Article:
Sequenom Inc., a San Diego company with no sales whose gene technology is used to treat diseases such as cancer and diabetes, tripled in its first day of trading Tuesday, giving the company a market value of $1.81 billion.
Investors also snapped up initial public offerings from Turnstone Systems Inc. and Quantum Effect Devices Inc., sending the California companies' stocks up sharply.
Sequenom rocketed $53.25 to close at $79.25 on Nasdaq as 8.2 million shares changed hands. The company sold 5.25 million shares at $26 each Monday, raising $136.5 million.
Biotechnology has become a hot item on Wall Street in recent months. The Nasdaq biotech stock index doubled last year, and, even with a recent correction, it has risen 18% further this year.
Sequenom's debut shows that "the group is still very hot" even after the pullback in biotech stocks in late January. Some investors are betting that biotech stocks will experience the sustained popularity that many Internet stocks have in recent years, said Stephen Flaks, whose $100-million hedge fund, based in Scottsdale, Ariz., invests primarily in biotech stocks.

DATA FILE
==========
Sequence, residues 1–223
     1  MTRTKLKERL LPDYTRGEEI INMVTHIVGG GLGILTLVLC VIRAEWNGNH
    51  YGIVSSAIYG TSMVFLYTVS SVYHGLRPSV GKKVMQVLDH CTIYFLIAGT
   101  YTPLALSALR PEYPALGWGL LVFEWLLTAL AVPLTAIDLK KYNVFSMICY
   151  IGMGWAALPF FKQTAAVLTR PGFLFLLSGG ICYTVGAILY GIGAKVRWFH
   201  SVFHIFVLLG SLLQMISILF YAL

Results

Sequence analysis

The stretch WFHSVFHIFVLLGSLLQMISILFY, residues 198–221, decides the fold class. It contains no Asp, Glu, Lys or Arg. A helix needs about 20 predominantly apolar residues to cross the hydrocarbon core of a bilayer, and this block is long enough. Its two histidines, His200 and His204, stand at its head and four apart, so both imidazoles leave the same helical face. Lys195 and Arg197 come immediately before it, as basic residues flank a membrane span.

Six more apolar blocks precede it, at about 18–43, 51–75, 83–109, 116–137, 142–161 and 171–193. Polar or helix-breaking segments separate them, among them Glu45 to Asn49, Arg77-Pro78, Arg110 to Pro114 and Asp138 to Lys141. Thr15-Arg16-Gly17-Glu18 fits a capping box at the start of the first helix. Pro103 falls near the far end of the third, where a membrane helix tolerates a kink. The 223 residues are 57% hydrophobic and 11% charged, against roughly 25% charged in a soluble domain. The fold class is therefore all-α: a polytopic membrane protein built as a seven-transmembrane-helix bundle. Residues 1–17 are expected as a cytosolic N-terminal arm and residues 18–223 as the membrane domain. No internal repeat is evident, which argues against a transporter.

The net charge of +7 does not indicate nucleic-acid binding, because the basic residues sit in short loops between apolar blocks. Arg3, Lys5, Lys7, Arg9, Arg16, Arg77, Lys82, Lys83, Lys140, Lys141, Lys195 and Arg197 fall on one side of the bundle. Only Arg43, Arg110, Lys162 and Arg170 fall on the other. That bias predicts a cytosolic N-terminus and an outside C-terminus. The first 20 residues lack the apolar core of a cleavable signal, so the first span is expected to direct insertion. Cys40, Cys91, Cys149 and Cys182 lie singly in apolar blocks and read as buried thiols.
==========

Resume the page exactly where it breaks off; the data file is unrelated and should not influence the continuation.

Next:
Sequenom analyzes gene variations, known as SNPs, to develop drugs and perform clinical trials. SNPs affect predisposition to disease and responses to drugs. The company describes itself as a leader in the field of "industrial genomics," or the use of the knowledge of DNA variations to improve health, agriculture and livestock.
The Sequenom IPO "clearly shows there's a lot of appetite for these genomics stories," said Paul Boni, an analyst with Punk, Ziegel & Co. Indeed, the market value of all publicly traded genomics companies now is "about half the [$124-billion] market cap of America Online," he said.
Investor interest makes it likely investment bankers will bring more IPOs and secondary stock offerings by companies like Sequenom this year, he said.
As for the day's other California IPOs, Mountain View-based Turnstone Systems is a maker of equipment and software to facilitate installation of high-speed online connections. Its shares jumped $68 to $97 on Nasdaq.
Quantum Effect Devices is a Santa Clara-based company that develops embedded microprocessors for routers, network computers, set-top boxes and other equipment. Its shares surged $40.50 to $56.50 on Nasdaq.
Investors also bid up shares of Impsat Fiber Networks, an Argentine company building a communications grid in Latin America. On its first trading day, the stock rose $12 to close at $29 on Nasdaq.